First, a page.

It was a day of reckoning for many victims of child sexual abuse, with a book of their accounts of suffering handed to the National Library of Australia (NLA) on the final day of the royal commission.
After 57 public hearings spanning five years, 1,300 witness accounts and more than 8,000 harrowing personal stories from survivors, the Royal Commission into Institutional Responses to Child Sexual Abuse was finally wrapped up by the chair, the Honourable Justice Peter McClellan.
“Although the primary responsibility for the sexual abuse of a child lies with the abuser and the institution which they were part, we cannot avoid the conclusion that the problems faced by many people who have been abused are the responsibility of our entire society,” he said.
Justice McClellan said 4,000 individual institutions from across the country had been reported to the commission as places where abuse occurred.
More than 2,500 allegations have been reported by the royal commission to police and so far 230 prosecutions have begun.
The day for the victims
Justice McClellan thanked survivors and advocates for sharing their stories.
“For victims and survivors, telling their stories has required great courage and determination,” he said.
He said survivors’ stories had had a profound impact on the commissioners and staff.
Justice McClellan gave special mention to senior counsel assisting the royal commission, Gail Furness SC, who would have handed the Messages to Australia book to the NLA representative had it not been “too heavy to lift”.
There are anonymous accounts of more than 1,000 Australians who experienced the horrors of sexual abuse as children, with Ms Furness reading excerpts:
“For us that once had no voice, now we can be heard. And for us whose lives were destroyed, now we can begin to heal,” one account read.
Justice McClellan said: “Child sexual abuse is a hideous, shocking and vile crime and it is clear from what is already in the public domain that too many children were the subject of child sexual abuse in institutions.”
‘Police often refused to believe children’
Police, child protection agencies and the criminal justice system all failed to listen to and protect young people, as well as the churches, orphanages and other groups that had come under the commission’s gaze.
“Police often refused to believe children. They refused to investigate their complaints of abuse,” Justice McClellan said.
“Investigation processes were inadequate, and criminal procedures were inappropriate.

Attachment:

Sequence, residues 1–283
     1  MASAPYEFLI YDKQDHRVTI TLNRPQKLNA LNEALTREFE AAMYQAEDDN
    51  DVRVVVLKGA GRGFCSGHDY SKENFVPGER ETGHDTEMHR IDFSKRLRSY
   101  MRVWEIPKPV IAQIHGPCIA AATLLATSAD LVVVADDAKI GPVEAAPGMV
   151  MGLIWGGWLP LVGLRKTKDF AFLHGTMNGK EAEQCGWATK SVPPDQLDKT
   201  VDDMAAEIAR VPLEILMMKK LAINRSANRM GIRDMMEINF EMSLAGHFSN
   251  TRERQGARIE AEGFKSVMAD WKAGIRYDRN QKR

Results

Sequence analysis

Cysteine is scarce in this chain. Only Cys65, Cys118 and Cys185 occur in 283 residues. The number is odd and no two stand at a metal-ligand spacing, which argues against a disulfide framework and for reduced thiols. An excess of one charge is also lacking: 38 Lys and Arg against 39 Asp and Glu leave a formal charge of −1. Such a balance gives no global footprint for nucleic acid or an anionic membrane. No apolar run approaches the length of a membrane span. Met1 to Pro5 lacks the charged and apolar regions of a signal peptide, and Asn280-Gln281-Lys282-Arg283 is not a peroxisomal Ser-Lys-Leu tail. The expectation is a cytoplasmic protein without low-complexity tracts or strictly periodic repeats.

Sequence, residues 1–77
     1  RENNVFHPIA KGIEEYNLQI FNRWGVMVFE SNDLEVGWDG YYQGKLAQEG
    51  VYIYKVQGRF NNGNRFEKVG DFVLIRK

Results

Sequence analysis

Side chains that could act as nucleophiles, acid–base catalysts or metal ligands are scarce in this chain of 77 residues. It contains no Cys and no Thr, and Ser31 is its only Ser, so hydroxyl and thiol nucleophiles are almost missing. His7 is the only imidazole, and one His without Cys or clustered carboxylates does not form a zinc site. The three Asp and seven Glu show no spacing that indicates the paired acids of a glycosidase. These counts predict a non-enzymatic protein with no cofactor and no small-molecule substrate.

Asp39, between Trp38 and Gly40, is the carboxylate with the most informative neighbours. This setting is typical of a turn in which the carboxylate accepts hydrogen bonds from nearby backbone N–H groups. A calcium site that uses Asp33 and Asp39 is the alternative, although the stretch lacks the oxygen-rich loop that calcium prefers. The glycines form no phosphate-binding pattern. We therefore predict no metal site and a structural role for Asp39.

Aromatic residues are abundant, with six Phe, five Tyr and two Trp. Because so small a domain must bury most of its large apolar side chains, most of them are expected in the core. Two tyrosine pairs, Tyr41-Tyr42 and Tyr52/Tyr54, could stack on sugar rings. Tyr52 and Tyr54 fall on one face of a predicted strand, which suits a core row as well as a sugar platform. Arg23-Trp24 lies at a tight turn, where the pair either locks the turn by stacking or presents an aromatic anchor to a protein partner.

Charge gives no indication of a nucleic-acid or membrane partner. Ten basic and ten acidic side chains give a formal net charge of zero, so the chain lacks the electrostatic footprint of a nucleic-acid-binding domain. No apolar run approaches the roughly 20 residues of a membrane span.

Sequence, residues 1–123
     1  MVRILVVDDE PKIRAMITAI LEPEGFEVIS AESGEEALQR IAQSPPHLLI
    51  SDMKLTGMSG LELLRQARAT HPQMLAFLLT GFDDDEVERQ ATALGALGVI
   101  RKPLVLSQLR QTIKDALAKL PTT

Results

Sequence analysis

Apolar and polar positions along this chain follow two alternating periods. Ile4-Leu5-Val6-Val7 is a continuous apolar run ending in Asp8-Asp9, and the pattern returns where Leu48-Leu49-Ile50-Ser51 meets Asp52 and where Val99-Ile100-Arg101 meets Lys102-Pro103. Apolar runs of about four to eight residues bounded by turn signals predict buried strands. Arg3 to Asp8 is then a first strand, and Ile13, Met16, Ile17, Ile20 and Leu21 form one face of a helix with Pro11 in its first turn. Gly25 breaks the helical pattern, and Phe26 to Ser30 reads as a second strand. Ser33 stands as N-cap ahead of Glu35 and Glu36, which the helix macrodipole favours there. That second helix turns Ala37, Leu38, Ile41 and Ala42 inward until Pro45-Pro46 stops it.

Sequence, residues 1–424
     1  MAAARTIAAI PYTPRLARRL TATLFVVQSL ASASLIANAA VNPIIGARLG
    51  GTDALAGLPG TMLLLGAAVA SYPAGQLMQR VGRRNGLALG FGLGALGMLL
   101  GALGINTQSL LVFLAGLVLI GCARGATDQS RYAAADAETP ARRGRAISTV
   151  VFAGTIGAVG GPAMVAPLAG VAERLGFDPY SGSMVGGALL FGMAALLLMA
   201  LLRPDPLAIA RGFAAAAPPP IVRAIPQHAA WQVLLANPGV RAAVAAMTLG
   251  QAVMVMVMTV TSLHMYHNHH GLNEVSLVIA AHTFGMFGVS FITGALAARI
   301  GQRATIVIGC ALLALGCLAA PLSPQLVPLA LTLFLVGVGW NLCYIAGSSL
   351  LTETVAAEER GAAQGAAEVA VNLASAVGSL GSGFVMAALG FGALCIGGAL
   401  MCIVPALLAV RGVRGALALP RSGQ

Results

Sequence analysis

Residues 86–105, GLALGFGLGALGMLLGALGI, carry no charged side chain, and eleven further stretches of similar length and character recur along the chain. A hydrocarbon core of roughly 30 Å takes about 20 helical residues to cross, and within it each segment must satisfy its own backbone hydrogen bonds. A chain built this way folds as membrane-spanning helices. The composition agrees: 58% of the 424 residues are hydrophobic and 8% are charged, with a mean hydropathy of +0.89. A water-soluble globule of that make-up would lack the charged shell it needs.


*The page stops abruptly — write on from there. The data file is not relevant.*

“Some leaders felt their primary responsibility was to protect the institution’s reputation and the accused person. Many did not recognise the impact this had on children.”
Justice McClellan praised the bravery of those who shared their stories.
“For survivors, telling their stories has required great courage and great determination — most are stories of personal trauma and many are of personal tragedy,” he said.
“It is impossible not to share the anger many survivors have felt when they tell us of their betrayal by people they believe they were entitled to trust.
“For many survivors, talking about past events required them to revisit traumatic events that profoundly harmed them.”
Prime Minister Malcolm Turnbull was mobbed by survivors who demanded a comprehensive National Redress Scheme and greater oversight of religious institutions and charities.
“This has been a national tragedy as the royal commission has said and we will consider the recommendations with care,” Mr Turnbull said after the hearing was over.
“Everyone can rest assured that the love we owe to our children and the justice we owe to children who have been wronged will be the guiding principle.”
Opposition leader Bill Shorten said his “default position” is Labor should support the recommendations.
“We should show faith in royal commissioners and the thousands of people who gave evidence,” he said.
The victims who finally have a voice
Outside the final hearing, so many victims finally felt the freedom to speak about the abuse they had experienced as children.
Shelly Braieoux told the commission about years of abuse she experienced at the hands of her father and the practices used within Jehovah’s Witnesses to cover-up crimes.
“Never in my wildest dreams have I ever thought I would see this happen and I am so very appreciative to the commission to see those elders be interrogated and questioned about the way they’ve treated child sexual abuse victims in their religion,” she said.
Bob O’Toole told the commission about the sexual abuse he endured at the hands of a Marist Brother at Hamilton in 1955 as an 11-year-old .
“There are so many people like me and some that aren’t with us anymore who need to have their stories told,” he said.
“Things have got to change particularly in the hierarchy of institutions and religions.
“[I’m feeling] a great sense of satisfaction I suppose a little sad that’s the end of it but all good things come to a close.”
Married couple Roy and Ronda Janetzki told private hearings about the abuse they suffered as children while in care at various institutions in Victoria.
“The royal commission has allowed us to have a voice, they’ve believed us and they treated us with so much dignity and respect that we never had from the churches, the charities, the police and anyone else.”
Messages to Australia will be held at the National Library of Australia with copies at libraries around the country.
The final royal commission report will be handed to Governor-General Peter Cosgrove tomorrow.